'The importance of new energy to China could be equivalent to energy-efficient cars for Japan in the 1970s and the [personal computer] industry for the U.S. throughout the 1980s and 1990s,' investment bank Credit Suisse said in a September report.
Chinese companies in the clean-technology sectors lead the world in the number of initial public offerings for the last five quarters, according to industry analyst Dallas Kachan, of Dallas, Texas-based Kachan & Co.
Backed by the government and supported by cheap loans from state-owned banks, Chinese companies have also pioneered development of electric vehicles, advanced batteries, and power plants that can burn coal more efficiently and store carbon emissions underground.
China's growing prowess in clean energy will be on display this week in Tianjin, which, in collaboration with the Singapore government, is developing a district based on environmental urban planning called EcoCity.
International environmental groups are planning to tour some of the showcase Chinese projects, including GreenGen, a power plant being built by a state-owned utility. When completed, it will be the first commercial-scale plant to use a technology that turns coal into gas, making it easier to capture carbon. The homegrown Chinese technology is being licensed overseas and is drawing attention from some environmental groups as a tool to help contain emissions.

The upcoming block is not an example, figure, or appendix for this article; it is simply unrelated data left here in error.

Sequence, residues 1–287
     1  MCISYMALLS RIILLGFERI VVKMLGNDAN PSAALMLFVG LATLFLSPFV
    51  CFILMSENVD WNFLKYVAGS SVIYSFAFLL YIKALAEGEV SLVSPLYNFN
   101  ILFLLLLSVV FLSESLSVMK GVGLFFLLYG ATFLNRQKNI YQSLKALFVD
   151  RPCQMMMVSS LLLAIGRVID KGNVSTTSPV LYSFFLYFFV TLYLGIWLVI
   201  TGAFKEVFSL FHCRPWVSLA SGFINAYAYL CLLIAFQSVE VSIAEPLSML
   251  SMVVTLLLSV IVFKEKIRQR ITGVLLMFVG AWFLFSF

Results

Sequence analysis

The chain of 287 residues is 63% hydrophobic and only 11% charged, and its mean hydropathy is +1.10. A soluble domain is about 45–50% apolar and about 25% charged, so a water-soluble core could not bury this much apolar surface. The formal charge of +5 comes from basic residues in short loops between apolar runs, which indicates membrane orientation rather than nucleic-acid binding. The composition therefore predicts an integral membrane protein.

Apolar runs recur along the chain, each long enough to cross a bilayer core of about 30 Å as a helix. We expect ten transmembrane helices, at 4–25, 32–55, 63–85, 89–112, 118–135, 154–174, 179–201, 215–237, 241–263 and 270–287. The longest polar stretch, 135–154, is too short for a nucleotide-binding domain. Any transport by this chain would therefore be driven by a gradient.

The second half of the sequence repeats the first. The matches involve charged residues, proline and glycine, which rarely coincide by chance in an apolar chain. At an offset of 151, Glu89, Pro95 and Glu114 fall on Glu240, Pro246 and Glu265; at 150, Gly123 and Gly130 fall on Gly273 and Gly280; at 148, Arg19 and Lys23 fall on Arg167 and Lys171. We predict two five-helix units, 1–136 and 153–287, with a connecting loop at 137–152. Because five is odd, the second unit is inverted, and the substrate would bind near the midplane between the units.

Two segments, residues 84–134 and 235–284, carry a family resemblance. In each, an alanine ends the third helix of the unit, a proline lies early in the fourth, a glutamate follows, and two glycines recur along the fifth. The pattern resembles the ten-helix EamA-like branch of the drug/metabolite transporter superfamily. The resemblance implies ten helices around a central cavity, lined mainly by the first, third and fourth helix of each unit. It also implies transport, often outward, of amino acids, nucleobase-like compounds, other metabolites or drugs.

While many analysts see China's strength in clean technology as helpful for the effort to rein in emissions, its policies have also stirred opposition. Critics say it gives Chinese firms unfair advantages and violates international trade treaties.
In September, the United Steelworkers filed a complaint with U.S. trade officials claiming that China is unfairly subsidizing its clean-energy sector. And last week, 181 members of the U.S. House of Representatives wrote to President Barack Obama, urging his administration to address China's use of 'unfair trade practices' to 'globally dominate the green technology sector.'